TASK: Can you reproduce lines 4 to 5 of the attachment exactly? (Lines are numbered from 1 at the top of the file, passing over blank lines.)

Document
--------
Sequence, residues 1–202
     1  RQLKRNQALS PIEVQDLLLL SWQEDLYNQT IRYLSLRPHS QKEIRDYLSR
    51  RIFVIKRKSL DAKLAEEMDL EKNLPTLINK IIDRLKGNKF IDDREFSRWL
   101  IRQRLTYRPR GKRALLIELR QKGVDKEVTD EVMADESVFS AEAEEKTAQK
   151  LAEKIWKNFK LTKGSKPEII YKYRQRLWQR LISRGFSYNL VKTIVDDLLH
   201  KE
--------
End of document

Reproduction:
   101  IRQRLTYRPR GKRALLIELR QKGVDKEVTD EVMADESVFS AEAEEKTAQK
   151  LAEKIWKNFK LTKGSKPEII YKYRQRLWQR LISRGFSYNL VKTIVDDLLH